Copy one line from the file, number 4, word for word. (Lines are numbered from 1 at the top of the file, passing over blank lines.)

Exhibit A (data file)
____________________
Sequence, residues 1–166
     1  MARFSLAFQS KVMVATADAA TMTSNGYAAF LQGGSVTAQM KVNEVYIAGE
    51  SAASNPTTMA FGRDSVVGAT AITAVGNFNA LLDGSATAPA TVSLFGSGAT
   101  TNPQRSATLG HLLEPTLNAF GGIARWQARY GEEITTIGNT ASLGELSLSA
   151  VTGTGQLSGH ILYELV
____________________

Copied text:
   101  TNPQRSATLG HLLEPTLNAF GGIARWQARY GEEITTIGNT ASLGELSLSA